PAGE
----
The Green–Tao theorem asserts the prime numbers contain arbitrarily long arithmetic progressions. It is not implied by Szemerédi's theorem because the primes have density 0 in the natural numbers. As part of their proof, Ben Green and Tao introduced a "relative" Szemerédi theorem which applies to subsets of the integers (even those with 0 density) satisfying certain pseudorandomness conditions. A more general relative Szemerédi theorem has since been given by David Conlon, Jacob Fox, and Yufei Zhao.[39][40]

The Erdős conjecture on arithmetic progressions would imply both Szemerédi's theorem and the Green–Tao theorem.

## Notes

1. ^ Erdős, Paul; Turán, Paul (1936). "On some sequences of integers" (PDF). Journal of the London Mathematical Society. 11 (4): 261–264. doi:10.1112/jlms/s1-11.4.261. MR 1574918.
2. ^ Roth, Klaus Friedrich (1953). "On certain sets of integers". Journal of the London Mathematical Society. 28 (1): 104–109. doi:10.1112/jlms/s1-28.1.104. MR 0051853. Zbl 0050.04002.
3. ^
4. ^ Roth, Klaus Friedrich (1972). "Irregularities of sequences relative to arithmetic progressions, IV". Periodica Math. Hungar. 2 (1–4): 301–326. doi:10.1007/BF02018670. MR 0369311. S2CID 126176571.
5. ^ Szemerédi, Endre (1975). "On sets of integers containing no k elements in arithmetic progression" (PDF). Acta Arithmetica. 27: 199–245. doi:10.4064/aa-27-1-199-245. MR 0369312. Zbl 0303.10056.
6. ^ Erdős, Paul (2013). "Some of My Favorite Problems and Results". In Graham, Ronald L.; Nešetřil, Jaroslav; Butler, Steve (eds.). The Mathematics of Paul Erdős I (Second ed.). New York: Springer. pp. 51–70. doi:10.1007/978-1-4614-7258-2_3. ISBN 978-1-4614-7257-5. MR 1425174.
7. ^
8. ^ Furstenberg, Hillel; Katznelson, Yitzhak; Ornstein, Donald Samuel (1982). "The ergodic theoretical proof of Szemerédi's theorem". Bull. Amer. Math. Soc. 7 (3): 527–552. doi:10.1090/S0273-0979-1982-15052-2. MR 0670131.
9. ^ a b Gowers, Timothy (2001). "A new proof of Szemerédi's theorem". Geom. Funct. Anal. 11 (3): 465–588. doi:10.1007/s00039-001-0332-9. MR 1844079. S2CID 124324198.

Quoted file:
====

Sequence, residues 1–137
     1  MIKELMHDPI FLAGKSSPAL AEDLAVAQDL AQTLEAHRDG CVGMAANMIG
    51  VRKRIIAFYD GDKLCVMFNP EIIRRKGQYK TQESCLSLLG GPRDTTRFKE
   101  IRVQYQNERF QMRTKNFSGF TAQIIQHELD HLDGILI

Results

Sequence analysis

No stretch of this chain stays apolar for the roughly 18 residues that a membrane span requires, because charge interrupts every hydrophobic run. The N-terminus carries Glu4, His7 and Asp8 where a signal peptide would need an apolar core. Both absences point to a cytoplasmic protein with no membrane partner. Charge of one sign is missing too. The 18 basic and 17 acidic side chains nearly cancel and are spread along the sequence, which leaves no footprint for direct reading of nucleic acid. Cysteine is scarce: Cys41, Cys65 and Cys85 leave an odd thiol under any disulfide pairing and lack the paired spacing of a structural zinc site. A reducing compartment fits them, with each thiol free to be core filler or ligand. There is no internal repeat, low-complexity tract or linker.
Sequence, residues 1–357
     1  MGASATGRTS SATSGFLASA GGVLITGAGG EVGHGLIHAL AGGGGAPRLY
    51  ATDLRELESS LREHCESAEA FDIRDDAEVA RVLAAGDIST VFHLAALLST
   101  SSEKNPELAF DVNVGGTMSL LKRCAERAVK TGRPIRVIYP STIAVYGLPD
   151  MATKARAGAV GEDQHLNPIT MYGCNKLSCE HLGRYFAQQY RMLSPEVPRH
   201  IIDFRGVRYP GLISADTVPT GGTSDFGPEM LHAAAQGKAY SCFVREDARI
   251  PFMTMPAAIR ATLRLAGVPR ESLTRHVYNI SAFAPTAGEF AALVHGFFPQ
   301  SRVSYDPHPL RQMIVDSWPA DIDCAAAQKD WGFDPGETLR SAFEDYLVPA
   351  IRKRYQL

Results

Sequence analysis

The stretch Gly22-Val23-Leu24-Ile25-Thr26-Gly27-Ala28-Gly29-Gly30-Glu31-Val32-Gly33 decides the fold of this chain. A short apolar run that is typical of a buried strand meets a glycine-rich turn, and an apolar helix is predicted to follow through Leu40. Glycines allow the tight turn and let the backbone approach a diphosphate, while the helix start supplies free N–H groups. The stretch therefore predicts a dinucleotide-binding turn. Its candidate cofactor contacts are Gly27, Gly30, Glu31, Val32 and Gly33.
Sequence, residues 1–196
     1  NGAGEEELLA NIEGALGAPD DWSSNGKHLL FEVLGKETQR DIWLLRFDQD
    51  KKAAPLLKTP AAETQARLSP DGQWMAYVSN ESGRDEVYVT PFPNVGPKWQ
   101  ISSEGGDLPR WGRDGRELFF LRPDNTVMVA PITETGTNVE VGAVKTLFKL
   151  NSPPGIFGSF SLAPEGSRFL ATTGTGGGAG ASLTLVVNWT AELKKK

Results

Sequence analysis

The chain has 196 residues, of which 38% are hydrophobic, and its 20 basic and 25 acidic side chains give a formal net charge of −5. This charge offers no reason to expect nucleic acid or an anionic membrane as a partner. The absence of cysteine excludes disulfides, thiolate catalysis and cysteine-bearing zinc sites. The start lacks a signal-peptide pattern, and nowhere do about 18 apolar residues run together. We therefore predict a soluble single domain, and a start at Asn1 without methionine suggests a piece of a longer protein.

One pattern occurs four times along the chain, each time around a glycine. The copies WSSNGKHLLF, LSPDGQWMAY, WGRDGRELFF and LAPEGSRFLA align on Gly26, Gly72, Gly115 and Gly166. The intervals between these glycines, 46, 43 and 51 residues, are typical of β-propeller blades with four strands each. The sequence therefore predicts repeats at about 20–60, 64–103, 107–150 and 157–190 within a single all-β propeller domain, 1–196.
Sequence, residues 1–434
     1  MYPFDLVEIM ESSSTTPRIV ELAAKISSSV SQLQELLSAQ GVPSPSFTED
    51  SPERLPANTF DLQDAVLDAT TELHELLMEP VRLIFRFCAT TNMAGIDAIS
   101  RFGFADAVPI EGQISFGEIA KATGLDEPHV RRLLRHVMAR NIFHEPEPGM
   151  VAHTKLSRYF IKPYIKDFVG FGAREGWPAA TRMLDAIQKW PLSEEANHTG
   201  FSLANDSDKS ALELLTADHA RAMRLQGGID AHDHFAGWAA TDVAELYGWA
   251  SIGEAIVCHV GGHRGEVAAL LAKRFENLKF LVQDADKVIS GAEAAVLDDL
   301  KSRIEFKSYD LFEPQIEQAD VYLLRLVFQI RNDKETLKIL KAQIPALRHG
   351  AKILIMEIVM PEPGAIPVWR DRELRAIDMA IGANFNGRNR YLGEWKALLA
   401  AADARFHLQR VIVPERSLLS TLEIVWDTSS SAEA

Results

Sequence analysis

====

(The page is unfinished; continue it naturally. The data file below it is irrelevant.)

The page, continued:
10. ^ Tao, Terence (2007). "The dichotomy between structure and randomness, arithmetic progressions, and the primes". In Sanz-Solé, Marta; Soria, Javier; Varona, Juan Luis; Verdera, Joan (eds.). Proceedings of the International Congress of Mathematicians Madrid, August 22–30, 2006. International Congress of Mathematicians. Vol. 1. Zürich: European Mathematical Society. pp. 581–608. arXiv:math/0512114. doi:10.4171/022-1/22. ISBN 978-3-03719-022-7. MR 2334204.
11. ^ a b O'Bryant, Kevin (2011). "Sets of integers that do not contain long arithmetic progressions". Electronic Journal of Combinatorics. 18 (1). arXiv:0811.3057. doi:10.37236/546. MR 2788676.
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13. ^ Rankin, Robert A. (1962). "Sets of integers containing not more than a given number of terms in arithmetical progression". Proc. R. Soc. Edinburgh Sect. A. 65: 332–344. MR 0142526. Zbl 0104.03705.
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15. ^ Green, Ben; Wolf, Julia (2010). "A note on Elkin's improvement of Behrend's construction". In Chudnovsky, David; Chudnovsky, Gregory (eds.). Additive Number Theory. Additive number theory. Festschrift in honor of the sixtieth birthday of Melvyn B. Nathanson. New York: Springer. pp. 141–144. arXiv:0810.0732. doi:10.1007/978-0-387-68361-4_9. ISBN 978-0-387-37029-3. MR 2744752. S2CID 10475217.
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19. ^ Szemerédi, Endre (1990). "Integer sets containing no arithmetic progressions". Acta Mathematica Hungarica. 56 (1–2): 155–158. doi:10.1007/BF01903717. MR 1100788.
20. ^ Sanders, Tom (2011). "On Roth's theorem on progressions". Annals of Mathematics. 174 (1): 619–636. arXiv:1011.0104. doi:10.4007/annals.2011.174.1.20. MR 2811612. S2CID 53331882.
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22. ^ Bloom, Thomas F.; Sisask, Olof (2020). "Breaking the logarithmic barrier in Roth's theorem on arithmetic progressions". arXiv:2007.03528v2 [math.NT].
23. ^ Bloom, Thomas F.; Sisask, Olof (2023). "An improvement to the Kelley-Meka bounds on three-term arithmetic progressions". arXiv:2309.02353v1 [math.NT].
24. ^ Kelley, Zander; Meka, Raghu (2023). "Strong Bounds for 3-Progressions". arXiv:2302.05537v5 [math.NT].
25. ^ Green, Ben; Tao, Terence (2009). "New bounds for Szemeredi's theorem. II. A new bound for r4(N)". In Chen, William W. L.; Gowers, Timothy; Halberstam, Heini; Schmidt, Wolfgang; Vaughan, Robert Charles (eds.). New bounds for Szemeredi's theorem, II: A new bound for r_4(N). Analytic number theory. Essays in honour of Klaus Roth on the occasion of his 80th birthday. Cambridge: Cambridge University Press. pp. 180–204. arXiv:math/0610604. Bibcode:2006math.....10604G. ISBN 978-0-521-51538-2. MR 2508645. Zbl 1158.11007.
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29. ^ Sloman, Leila (2024-08-05). "Grad Students Find Inevitable Patterns in Big Sets of Numbers". Quanta Magazine. Retrieved 2024-08-07.